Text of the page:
Marion Town Clerk indicted on criminal charges

Mar 18, 2019

MARION — Town Clerk Ray Pickles has been indicted on six counts of larceny after an investigation by Attorney General Maura Healey and Inspector General Glenn Cunha.

On March 18, a state grand jury brought six charges of larceny over $250 against Pickles for allegedly embezzling more than $675,000 from the Carver, Marion and Wareham Regional Refuse Disposal District while serving as its executive director.

On the same date, it brought one charge of larceny over $250 and one charge for presentation of false claims against retired Carver Health Agent Robert Tinkham, who served as chair of the district’s board.

Pickles, who served as executive director of the regional refuse district for 45 years until being fired in January 2018, has been at the center of controversy and legal proceedings in the months since irregularities were found in the district’s financial records. He continues to serve as Marion’s elected town clerk.

Pickles and Tinkham will be arraigned in Plymouth Superior Court at a later date.  The district was founded in 1973 as a regional approach to handling waste from the three towns. It
allows the towns to contract jointly with waste-to-energy facility SEMASS in Rochester, and operates transfer stations in member towns.

Funds to operate the district come from a variety of sources, including the three towns. Pickles’ alleged wrongdoing came to light in 2017 when Wareham, Marion and Carver all received bills from the district for the first time in five years — bills ranging from $25,000 for Marion to $89,000 for Wareham.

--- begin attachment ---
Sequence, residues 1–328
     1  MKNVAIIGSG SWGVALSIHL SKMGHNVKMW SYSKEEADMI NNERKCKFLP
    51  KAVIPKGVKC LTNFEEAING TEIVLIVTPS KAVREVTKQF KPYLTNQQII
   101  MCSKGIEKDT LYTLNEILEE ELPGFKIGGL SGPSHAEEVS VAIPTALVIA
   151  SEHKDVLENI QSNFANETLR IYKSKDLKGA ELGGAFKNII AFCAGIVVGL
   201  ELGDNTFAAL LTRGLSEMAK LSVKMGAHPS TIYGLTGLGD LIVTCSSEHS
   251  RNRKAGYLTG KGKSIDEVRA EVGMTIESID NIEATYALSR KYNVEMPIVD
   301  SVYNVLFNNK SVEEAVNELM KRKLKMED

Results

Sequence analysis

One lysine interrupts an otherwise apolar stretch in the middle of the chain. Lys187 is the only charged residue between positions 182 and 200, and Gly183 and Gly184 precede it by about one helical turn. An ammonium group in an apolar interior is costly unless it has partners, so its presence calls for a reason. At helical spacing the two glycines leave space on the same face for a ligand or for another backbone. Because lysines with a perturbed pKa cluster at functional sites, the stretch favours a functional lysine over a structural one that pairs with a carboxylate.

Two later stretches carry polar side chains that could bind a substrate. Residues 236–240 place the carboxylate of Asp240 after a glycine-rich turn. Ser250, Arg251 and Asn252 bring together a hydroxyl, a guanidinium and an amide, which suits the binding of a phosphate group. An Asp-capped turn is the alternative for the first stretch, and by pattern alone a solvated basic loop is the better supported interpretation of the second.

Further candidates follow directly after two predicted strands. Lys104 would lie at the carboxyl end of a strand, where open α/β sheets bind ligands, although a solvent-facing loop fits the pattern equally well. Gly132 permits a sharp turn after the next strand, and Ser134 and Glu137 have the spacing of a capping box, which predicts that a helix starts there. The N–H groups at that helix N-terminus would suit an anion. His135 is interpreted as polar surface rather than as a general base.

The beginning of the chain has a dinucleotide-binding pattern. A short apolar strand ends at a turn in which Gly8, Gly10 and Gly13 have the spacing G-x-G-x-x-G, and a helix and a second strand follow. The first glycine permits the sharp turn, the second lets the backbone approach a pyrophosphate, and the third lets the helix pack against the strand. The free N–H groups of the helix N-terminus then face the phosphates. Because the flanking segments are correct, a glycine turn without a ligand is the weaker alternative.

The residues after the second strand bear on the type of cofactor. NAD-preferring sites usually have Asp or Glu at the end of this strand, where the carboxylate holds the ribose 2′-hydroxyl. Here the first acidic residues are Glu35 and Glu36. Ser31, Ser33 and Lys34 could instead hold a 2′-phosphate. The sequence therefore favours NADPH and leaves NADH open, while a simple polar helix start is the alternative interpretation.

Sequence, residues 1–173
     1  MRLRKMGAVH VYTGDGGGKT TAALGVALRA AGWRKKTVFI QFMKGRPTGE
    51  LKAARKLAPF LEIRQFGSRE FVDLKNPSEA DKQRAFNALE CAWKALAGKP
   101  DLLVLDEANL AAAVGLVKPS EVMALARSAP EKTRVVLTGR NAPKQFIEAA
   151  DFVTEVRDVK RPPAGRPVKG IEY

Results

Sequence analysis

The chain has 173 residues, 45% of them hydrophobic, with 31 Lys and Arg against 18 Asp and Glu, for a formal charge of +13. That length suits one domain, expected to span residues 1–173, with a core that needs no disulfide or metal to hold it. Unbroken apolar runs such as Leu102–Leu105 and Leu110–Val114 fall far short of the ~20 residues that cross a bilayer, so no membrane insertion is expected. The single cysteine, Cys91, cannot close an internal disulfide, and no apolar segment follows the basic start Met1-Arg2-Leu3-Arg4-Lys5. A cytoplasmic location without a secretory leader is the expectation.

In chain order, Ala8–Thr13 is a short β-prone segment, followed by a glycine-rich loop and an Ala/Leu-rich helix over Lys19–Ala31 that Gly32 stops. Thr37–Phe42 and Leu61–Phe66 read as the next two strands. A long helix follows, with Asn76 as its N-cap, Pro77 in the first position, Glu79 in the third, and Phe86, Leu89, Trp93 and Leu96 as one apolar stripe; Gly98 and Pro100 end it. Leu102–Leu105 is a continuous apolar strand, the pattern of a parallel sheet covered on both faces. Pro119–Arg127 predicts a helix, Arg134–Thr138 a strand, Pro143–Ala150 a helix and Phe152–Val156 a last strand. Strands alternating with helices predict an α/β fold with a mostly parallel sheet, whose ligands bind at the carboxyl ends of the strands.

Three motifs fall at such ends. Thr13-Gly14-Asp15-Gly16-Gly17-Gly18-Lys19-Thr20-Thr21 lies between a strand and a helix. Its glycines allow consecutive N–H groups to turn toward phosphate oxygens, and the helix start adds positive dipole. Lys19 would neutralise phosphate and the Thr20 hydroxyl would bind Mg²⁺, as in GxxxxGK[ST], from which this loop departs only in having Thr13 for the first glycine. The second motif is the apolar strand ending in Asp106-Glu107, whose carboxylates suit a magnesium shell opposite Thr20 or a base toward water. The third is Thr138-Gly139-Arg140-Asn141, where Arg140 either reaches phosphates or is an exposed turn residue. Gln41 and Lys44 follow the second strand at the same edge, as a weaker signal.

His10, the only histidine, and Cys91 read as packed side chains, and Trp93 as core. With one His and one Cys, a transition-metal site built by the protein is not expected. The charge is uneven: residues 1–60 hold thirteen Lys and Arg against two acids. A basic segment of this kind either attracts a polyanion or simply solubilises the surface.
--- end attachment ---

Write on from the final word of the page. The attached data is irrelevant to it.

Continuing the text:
As local officials and a reorganized oversight board dug into the district’s finances, they found a range of irregularities, dismissed Pickles, and subsequently filed a civil embezzlement suit against Pickles, Tinkham and Pickles’ wife Diane Bondi-Pickles. The suit, alleging the embezzlement of $838,457, is still in the pre-trial stage in Plymouth Superior Court.

Bondi-Pickles served as president of Moss Hollow Management, the consulting company set up to contract with the refuse district for Ray Pickles’ work as executive director. She was not named in the criminal complaint.

Marion, Wareham and Carver cooperated in the Attorney General’s investigation.  The criminal complaint alleges that Pickles had two District accounts that only he knew about
from which he would write himself checks. Pickles allegedly used district funds for personal expenses and billed the district for services he did not perform. The state also alleges that
Tinkham accepted $65,000 from Pickles for services he did not perform.

Pickles’ term as Town Clerk runs through 2020.  In a press release issued following announcement of the indictments, Town Administrator Paul Dawson noted that Marion has no process for recalling elected officials. In fact, Town Meeting previously defeated a proposal to add such a process.

Dawson noted that Marion officials are weighing their legal options at this time. Pickles, who rarely spends time in the Town House, could not be reached for comment on the indictments.